Scots family to sell Turner’s Rome to save home

IT IS an heirloom and a national treasure which last changed hands when Downing Street was home to Benjamin Disraeli.

Joseph Turners masterpiece, Rome, from Mount Aventine, which is to go on sale for only the second time in 200 years. Picture: Getty
Joseph Turners masterpiece, Rome, from Mount Aventine, which is to go on sale for only the second time in 200 years. Picture: Getty

Now, a lauded masterpiece by one of Britain’s foremost landscape artists, which has been admired by millions of Scots in the National Gallery of Scotland, is to be sold off by an artistocratic West Lothian family to help maintain their ancestral seat.

Rome, from Mount Aventine, is regarded as “one of the very finest” of a handful of works by Joseph Turner remaining in private hands, and prized for its evocative brushstrokes and flawless condition.

The atmospheric depiction of the Italian capital has been a cherished possession of four generations of the Rosebery family since 1878, when it was acquired by Archibald Primrose, a future Liberal prime minister, for the prudent sum of £6,142.

Lord and Lady Rosebery own the picture. Picture: Ian Rutherford

But for only the second time in its history, the painting will be sold later this year at Sotheby’s, where it is expected to achieve a price of up to £20 million, throwing uncertainty over whether it will ever again be exhibited in public.

The landscape was offered to the National Galleries of Scotland in 1978 on a long loan, and commanded pride of place on the gallery’s main floor. It also formed a centrepiece of the popular “Turner in Italy” show in 2008 and 2009.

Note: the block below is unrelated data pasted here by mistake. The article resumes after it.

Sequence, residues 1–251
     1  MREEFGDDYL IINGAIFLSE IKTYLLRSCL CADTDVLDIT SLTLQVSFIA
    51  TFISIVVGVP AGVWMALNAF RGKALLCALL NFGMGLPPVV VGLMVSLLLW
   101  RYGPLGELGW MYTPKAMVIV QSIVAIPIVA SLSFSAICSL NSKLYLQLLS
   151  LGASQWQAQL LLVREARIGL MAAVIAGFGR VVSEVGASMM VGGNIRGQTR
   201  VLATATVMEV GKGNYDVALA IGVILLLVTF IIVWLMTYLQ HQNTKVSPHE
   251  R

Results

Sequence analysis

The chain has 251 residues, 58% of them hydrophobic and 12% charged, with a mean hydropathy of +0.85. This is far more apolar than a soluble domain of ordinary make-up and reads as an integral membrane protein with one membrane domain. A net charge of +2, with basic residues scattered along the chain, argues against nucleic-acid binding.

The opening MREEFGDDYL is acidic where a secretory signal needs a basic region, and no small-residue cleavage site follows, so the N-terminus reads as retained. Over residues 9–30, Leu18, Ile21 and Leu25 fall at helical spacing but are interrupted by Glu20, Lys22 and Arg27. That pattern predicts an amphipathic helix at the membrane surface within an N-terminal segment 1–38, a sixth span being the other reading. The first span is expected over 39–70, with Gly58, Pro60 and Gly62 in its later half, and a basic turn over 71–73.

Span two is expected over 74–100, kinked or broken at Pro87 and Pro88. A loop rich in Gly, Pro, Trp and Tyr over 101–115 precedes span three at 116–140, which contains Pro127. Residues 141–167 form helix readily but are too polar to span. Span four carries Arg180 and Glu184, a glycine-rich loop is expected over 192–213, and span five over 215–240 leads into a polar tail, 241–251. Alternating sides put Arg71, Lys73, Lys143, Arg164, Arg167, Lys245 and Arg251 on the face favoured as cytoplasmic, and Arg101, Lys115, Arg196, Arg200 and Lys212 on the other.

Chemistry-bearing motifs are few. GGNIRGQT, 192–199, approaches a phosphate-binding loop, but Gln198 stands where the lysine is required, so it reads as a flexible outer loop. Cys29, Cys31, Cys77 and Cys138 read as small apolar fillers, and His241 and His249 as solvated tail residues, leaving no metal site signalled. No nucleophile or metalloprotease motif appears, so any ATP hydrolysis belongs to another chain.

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However, Turner’s work was taken down earlier this year ahead of the auction, where there is every chance it could exceed the Sotheby’s estimate.

The Roseberys secured a record price when they sold the painting’s companion work, Modern Rome – Campo Vaccanio, in 2010. With an upper estimate of £18m, it was eventually acquired for £29.7m by the J Paul Getty Museum in Los Angeles.

Ahead of the new sale, the family, from Dalmeny, said they hoped the “magnificent” picture would “bring as much joy” to its new owners as it had to them, adding that the proceeds of the sale would be put to more practical uses.

In a statement, the family said: “During the first 100 years we owned this picture, it hung alongside its sister picture of Modern Rome in pride of place in our homes – first in London and later at Mentmore in Buckinghamshire.

“For the last 40 years or so, the painting has been on loan to major museums, and we have drawn much pleasure from knowing that so many people have had the opportunity to see and enjoy it.

“Now, in order to maintain the estates for which we are responsible, and to safeguard their future, we have made the decision to sell it.


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“We dearly hope that this magnificent picture will bring as much joy to its new owners as it has both to us and to the public over so many years.”

With hairs from Turner’s paintbrush still visible on the canvas and drips of paint specked along its bottom edges, experts say the sale represents a “rare and exciting” opportunity to acquire a seminal work in British art history.

Alex Bell, co-chair of Sotheby’s Old Master paintings department, said: “There are fewer than ten major Turners in private hands known today and this work must rank as one of the very finest.

“This painting, which is nearly 200 years old, looks today as if it has come straight from the easel of the artist; never relined and never subject to restoration, the picture retains the freshness of the moment it was painted: the hairs from Turner’s brush, the drips of liquid paint which have run down the edge of the canvas, and every scrape of his palette knife have been preserved in incredible detail.”

Commissioned by Hugh Munro of Novar the painting took seven years to complete, with the artist visiting the city to capture the Tiber coursing through the Eternal City.